EK Announces Vardar Series 120mm Fans Designed for Radiator Use

Not all fans are equal and there are many that aren’t really suited well use with radiators. So who better to create a fan for just this scenario than EK Water Blocks. And they have done just that with the new high-pressure 120mm EK-Varder fan that is the first in-house engineered fan from EK.

The simple design should allow for integration into almost any system that can handle a little black, though that isn’t the only colour available. It’s announced in single and two-tone colours with a monochrome fan sticker.

The task at hand was to create a fan with high static pressure  while keeping a low noise profile. EK used a 7-fin fan blade design and the motor windings are actively cooled, double ball bearing and rated for 50,000 hours. An important factor for radiator cooling is a sealed edge so the air doesn’t escape out the side instead of being forced through the fins. EK created just that with the old-school looking, but effective, black square shape.

The EK-Vardar 120mm cooling fan currently consists of five models, four regular and one Furious Vardar with the latter built-in distinctive all-black design. All fans come with four self-tapping screws and are pre-sleeved (F1-F4: black, FF5: red) for your convenience. The new fans will be available for purchase in the first half of January 2015, although a limited quantity will be available in mid-December 2014.

Thanks to EKWB for providing us with this information

Images courtesy of EKWB

Seagate Ship Over Two Billion Hard Drives

Way back in 1980, storage manufacturer Seagate (formerly Shugart Technology) released their first hard drive, the ST-506 which packed a whopping 5MB of storage in its 5.25inch frame. The drive proved to be a huge success and seen a 10MB version was released. The success of these drives was to be shown as they featured as sole OEM drive supplier for the worlds first personal computer to contain a hard drive from IBM.

Move forward a few years and Seagate have achieved numerous milestones including the introduction of the first drive with a 7200RPM spindle speed back in 1991 (still the standard today) and later in mid 1993, the company celebrated the shipping of 50 million drives.

Later on in 1996 Seagate came out with another industry first with a 10,000 RPM drive, a speed that again is still used today. Moving past the 250 million mark in 1999 and through to the next century, technology has come a long way and in huge leaps as well, Seagate took the speed factor to the next step with their 15k RPM drive and over the next five years they would go on to sell over 10 million of these units.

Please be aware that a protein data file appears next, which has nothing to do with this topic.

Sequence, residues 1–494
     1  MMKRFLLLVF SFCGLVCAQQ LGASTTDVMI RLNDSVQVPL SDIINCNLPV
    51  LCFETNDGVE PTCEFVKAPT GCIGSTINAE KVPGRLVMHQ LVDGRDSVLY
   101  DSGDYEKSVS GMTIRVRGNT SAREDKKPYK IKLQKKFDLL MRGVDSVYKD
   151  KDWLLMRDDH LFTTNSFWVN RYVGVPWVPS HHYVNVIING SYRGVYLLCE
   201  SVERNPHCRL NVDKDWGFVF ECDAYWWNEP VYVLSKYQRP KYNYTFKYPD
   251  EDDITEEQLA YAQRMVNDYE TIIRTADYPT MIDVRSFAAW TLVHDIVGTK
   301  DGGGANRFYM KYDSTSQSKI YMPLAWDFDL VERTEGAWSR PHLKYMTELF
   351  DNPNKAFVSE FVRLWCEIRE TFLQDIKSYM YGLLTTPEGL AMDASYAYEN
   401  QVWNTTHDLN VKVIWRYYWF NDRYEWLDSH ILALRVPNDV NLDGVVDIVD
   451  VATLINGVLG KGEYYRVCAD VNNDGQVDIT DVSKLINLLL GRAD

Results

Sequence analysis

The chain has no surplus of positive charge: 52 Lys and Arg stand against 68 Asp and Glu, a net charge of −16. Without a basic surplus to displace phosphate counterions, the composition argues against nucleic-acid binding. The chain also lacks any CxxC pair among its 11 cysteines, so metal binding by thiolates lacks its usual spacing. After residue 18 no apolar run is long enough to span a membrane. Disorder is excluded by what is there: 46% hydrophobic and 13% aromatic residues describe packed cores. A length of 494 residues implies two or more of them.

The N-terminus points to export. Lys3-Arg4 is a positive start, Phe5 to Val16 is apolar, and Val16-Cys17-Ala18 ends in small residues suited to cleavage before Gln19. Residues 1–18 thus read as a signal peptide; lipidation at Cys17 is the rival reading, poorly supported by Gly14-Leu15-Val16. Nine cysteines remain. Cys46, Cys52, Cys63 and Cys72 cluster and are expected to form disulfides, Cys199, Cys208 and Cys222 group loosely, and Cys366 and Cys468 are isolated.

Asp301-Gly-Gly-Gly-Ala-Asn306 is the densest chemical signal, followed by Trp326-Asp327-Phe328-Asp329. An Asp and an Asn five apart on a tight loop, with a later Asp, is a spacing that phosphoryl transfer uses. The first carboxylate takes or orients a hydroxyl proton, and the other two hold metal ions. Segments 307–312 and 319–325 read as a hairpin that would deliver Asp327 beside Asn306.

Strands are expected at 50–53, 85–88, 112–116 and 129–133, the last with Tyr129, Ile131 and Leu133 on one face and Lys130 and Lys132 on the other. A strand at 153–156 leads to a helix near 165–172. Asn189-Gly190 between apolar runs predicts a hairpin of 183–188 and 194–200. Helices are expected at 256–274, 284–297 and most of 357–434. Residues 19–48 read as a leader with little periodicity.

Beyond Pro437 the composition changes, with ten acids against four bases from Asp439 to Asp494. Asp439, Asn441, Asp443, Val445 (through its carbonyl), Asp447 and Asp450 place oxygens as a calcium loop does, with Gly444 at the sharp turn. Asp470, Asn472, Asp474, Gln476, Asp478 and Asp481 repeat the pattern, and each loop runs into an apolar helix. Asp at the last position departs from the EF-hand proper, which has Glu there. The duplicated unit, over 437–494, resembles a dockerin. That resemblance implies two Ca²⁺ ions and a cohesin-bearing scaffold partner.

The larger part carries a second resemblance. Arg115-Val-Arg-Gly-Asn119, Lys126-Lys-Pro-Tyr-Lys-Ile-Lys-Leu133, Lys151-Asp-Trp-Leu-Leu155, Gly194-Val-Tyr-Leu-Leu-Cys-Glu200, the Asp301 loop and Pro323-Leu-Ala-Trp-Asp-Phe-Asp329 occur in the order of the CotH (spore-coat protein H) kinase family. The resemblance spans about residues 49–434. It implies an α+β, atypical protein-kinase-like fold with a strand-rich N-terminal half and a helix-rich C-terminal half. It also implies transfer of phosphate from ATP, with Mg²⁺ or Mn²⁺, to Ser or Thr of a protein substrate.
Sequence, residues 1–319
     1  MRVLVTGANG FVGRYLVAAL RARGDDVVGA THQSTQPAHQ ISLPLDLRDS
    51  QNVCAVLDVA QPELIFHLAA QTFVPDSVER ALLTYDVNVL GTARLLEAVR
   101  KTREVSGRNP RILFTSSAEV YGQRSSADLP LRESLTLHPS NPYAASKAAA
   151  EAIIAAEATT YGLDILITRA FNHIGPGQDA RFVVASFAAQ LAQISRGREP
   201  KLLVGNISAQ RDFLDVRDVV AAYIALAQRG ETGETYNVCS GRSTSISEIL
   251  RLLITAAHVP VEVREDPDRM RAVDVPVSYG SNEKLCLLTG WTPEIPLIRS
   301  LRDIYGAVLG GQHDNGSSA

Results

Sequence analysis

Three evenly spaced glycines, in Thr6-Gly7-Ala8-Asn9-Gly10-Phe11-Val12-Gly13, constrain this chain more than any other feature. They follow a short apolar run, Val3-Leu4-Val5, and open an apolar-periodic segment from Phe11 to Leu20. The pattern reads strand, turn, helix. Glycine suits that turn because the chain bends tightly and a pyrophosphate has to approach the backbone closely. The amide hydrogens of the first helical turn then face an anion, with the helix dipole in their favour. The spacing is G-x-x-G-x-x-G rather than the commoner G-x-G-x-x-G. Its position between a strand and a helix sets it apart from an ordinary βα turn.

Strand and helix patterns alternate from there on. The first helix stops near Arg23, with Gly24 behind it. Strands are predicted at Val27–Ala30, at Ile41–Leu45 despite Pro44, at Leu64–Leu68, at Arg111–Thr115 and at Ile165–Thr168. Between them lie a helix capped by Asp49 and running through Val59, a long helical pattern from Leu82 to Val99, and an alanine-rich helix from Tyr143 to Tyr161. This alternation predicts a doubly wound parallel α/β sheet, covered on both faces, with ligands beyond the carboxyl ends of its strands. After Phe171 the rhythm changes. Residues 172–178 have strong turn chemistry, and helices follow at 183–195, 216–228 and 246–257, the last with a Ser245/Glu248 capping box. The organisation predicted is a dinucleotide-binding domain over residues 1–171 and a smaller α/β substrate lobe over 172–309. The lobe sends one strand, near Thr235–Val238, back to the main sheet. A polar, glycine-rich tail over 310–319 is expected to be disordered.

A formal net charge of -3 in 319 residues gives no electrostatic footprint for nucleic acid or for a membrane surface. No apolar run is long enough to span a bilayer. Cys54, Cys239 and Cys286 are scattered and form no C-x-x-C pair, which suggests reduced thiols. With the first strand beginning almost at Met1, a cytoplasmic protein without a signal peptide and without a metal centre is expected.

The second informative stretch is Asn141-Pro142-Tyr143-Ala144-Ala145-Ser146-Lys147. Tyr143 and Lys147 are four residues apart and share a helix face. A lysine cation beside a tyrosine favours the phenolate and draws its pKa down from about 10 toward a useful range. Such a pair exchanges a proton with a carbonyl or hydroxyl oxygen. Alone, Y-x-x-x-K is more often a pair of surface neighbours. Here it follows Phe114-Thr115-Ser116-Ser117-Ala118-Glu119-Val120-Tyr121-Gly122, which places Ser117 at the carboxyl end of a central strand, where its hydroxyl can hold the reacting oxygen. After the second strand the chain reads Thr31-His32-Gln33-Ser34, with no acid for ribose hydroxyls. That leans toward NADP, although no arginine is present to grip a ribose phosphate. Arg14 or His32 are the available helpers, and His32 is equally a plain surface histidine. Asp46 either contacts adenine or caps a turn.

Moving into more recent times, and with data becoming more and more critical for not just businesses, but also home users alike, we’ve seen a boom in drive capacity, with current drives now rolling out with 4TB of storage – that’s 838860 times the capacity of the companies first drive way back in 1980. But to go one step further, the rate at which drives are having to be made has has to increase substantially and since Seagate passed the one billionth shipment back in 2009, the rate of sales has rocketed and in the last four years alone, sales have been for an additional one billion units, putting another milestone on the companies roadmap.

Seagate estimate that the rate of data consumption is going to continue to grow at an exponential rate and for users that continuously use 1TB of data per month are in the next two years expected to be generating twenty times the amount that they currently do. Thanks to research that Seagate announced last year, with the possibility of drive data density to become greater and greater as they demonstrate a unit with 1TB/square inch, with the chance of scaling this to 60TB in the next 15 years or so, we should still see the humble hard drive a critical part of our day to day life even as solid state storage stands to take priority in the modern tech environment.